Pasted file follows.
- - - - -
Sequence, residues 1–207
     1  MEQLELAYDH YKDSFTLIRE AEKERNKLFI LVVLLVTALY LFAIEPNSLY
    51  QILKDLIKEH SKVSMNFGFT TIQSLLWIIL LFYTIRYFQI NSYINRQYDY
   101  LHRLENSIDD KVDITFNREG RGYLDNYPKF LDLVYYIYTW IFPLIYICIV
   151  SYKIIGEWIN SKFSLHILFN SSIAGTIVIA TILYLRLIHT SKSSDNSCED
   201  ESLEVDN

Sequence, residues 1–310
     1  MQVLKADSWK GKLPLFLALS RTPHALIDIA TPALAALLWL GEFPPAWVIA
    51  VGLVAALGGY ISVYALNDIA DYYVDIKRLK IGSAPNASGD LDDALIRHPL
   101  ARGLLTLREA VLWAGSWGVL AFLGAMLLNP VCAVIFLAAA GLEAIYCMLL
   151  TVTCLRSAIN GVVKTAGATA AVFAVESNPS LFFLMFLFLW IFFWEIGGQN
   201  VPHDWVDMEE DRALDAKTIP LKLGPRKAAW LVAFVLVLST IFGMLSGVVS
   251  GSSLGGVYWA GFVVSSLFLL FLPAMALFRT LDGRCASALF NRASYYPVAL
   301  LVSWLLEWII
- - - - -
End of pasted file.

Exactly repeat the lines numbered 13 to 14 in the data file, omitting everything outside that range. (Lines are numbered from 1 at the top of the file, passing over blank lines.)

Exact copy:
   251  GSSLGGVYWA GFVVSSLFLL FLPAMALFRT LDGRCASALF NRASYYPVAL
   301  LVSWLLEWII